Chandler Pulvermacher: A Normal 8th Grader With Abnormal Talent
When you watch the Lake Country Chiefs 8th Grade Red football team play, it doesn’t take long for Chandler Pulvermacher. The lanky running back sweeps around the edges at great speed, cuts back with a smoothness not often seen from a back at this level and is a nightmare to defend. Play him straight up and get run over. Overpursue and watch him cut back into a wide-open terrain.
It’s not for nothing that his coach, Matt McQuestion, says Pulvermacher has all the tools to be great when he moves on to play for the Arrowhead Warhawks in the years to come. “He’s the best I’ve ever seen,” McQuestion said, comparing Pulvermacher’s talent to Dominic Todarello, who led Arrowhead to the state championship in 2012.
Such praise rolls off the back of Pulvermacher with the same ease that opposing tacklers do. Speaking to the eighth-grader at the end of his practice earlier this week, his low-key unassuming humility is the first thing that stands out.
“I’m just a normal 13-year-old,” he said. “I like to hang out with my brothers and my friends.” Pulvermacher works at getting his homework done efficiently enough to allow him some time to relax in the evenings when practice is done.
His off-the-field workouts are relatively mild—“I don’t do much,” he said regarding his routine away from the structured regimen offered by the Chiefs practice schedule. “We have a lifting room in our house that I’ll go sometimes with my older brother, but not a lot.” Though that will have to change if he hopes to continue his success through high school, Pulvermacher is indeed, as he says “a normal 13-year-old.”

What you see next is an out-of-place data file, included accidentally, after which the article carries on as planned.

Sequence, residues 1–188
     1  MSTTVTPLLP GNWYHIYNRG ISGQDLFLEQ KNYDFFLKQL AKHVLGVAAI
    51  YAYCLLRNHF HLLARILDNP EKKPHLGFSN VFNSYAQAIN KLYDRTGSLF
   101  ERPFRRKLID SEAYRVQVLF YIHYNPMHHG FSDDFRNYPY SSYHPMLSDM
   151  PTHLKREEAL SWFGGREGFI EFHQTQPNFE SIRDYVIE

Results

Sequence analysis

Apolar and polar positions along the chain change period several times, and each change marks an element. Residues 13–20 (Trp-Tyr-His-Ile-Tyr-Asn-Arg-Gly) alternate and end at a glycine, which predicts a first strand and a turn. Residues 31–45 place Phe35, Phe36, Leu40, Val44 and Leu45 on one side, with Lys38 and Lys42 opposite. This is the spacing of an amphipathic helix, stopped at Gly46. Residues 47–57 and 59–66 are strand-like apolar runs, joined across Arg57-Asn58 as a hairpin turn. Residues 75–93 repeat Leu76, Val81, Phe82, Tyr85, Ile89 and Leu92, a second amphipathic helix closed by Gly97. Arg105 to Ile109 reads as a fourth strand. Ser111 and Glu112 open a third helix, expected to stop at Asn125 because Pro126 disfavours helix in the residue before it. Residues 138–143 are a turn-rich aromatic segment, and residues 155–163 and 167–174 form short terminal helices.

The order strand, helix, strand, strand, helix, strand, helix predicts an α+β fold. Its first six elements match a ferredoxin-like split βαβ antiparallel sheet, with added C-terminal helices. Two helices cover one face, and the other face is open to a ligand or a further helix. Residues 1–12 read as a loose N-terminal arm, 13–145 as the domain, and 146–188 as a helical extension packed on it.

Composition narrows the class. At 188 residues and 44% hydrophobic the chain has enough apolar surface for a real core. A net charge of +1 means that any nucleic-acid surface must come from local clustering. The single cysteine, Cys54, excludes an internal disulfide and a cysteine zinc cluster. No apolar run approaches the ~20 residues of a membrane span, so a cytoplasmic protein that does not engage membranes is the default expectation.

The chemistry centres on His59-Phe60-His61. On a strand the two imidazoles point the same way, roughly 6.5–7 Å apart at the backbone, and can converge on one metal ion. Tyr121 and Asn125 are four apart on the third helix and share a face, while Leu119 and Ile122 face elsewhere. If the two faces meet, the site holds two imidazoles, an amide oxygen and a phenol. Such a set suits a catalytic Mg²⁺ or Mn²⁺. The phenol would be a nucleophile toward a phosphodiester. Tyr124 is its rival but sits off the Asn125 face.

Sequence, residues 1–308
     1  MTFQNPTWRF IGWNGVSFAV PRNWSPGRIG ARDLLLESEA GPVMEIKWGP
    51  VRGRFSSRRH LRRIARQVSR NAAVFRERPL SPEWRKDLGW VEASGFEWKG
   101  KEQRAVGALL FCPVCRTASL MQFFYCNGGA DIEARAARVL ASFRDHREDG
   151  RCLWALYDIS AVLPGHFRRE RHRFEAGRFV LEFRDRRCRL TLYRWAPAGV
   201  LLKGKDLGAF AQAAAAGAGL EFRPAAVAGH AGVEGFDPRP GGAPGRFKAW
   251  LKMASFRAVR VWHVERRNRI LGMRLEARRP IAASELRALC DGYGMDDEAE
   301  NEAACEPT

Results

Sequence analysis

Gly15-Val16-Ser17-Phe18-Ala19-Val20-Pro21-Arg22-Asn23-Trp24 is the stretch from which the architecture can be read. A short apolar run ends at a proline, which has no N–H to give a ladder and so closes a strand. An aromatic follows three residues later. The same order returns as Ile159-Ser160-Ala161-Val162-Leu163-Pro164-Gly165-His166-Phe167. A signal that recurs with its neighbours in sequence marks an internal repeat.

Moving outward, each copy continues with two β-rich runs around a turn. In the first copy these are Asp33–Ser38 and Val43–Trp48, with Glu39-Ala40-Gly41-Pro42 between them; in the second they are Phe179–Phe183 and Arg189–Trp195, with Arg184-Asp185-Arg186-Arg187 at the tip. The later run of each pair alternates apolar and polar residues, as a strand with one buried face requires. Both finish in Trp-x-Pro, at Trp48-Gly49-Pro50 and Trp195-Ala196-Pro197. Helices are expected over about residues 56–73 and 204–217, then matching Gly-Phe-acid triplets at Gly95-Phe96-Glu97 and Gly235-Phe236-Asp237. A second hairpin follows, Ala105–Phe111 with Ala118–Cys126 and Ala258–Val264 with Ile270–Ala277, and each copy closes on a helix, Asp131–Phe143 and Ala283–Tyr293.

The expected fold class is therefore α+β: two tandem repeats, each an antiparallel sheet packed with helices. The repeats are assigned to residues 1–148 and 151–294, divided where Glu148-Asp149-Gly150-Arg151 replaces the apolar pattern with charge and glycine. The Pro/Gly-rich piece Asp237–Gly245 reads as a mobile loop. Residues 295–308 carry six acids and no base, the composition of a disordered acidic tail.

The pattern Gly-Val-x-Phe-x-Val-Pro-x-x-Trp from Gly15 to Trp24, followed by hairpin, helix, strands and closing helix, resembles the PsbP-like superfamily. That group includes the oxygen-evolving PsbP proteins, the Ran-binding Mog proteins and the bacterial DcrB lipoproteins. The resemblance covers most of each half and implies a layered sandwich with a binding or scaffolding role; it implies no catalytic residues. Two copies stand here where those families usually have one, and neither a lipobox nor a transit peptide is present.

The routine of playing youth football is not easy and requires kids to learn organizational skills and to manage their time. Pulvermacher aims at finishing his homework in study hall, a place that can offer an easy temptation to waste time for those who aren’t quite as busy. “And Wednesday’s my day,” he said regarding really hitting the books. Wednesday, along with Friday, are days that all Chiefs teams are given off from the routine of practice.
From August through late October Pulvermacher lives the routine of keeping up with school, working at practice and being up at 6:30 AM each day. Playing football is for him, as it is for all the kids on the Chiefs’ teams, a way to gently introduce them to the demands they’ll eventually face year-round and every day.
The love for football came from Chandler’s father, who got him involved in the flag football program that serves 1st thru 4th grade. But while paternal influence can nudge in a certain direction, eventually every kid decides whether he truly loves the game himself. Pulvermacher clearly does, and he said that’s the first thing he would bring up to kids in fifth grade, if asked to explain why they should continue to play the sport once it’s time to put on the pads and tackle.
“If they don’t like it they don’t, but I’d ask someone to give it a chance,” Pulvermacher said regarding a theoretical conversation he might have with a wavering prospect. “It’s a great experience and it helps me in a lot of ways outside of football. The coaches are always teaching how to be leaders in life, always helping us try and be better.”
Like any eighth-grader, Pulvermacher has areas that need to be improved. McQuestion spoke of the need for improved conditioning and strength as the primary areas. But the coach quickly returned to Pulvermacher’s down-to-earth attitude, his leadership skills within the team and the potential his immense physical tools give him.
Pulvermacher is the kind of player who represents not just his team and the Lake Country Chiefs association well, but he’s a positive face for the sport of football, thanks to a friendly demeanor off the field and a hard-nosed competitiveness between the lines.
“He could be one of the best,” McQuestion said. “But what’ s unique is how humble he is.”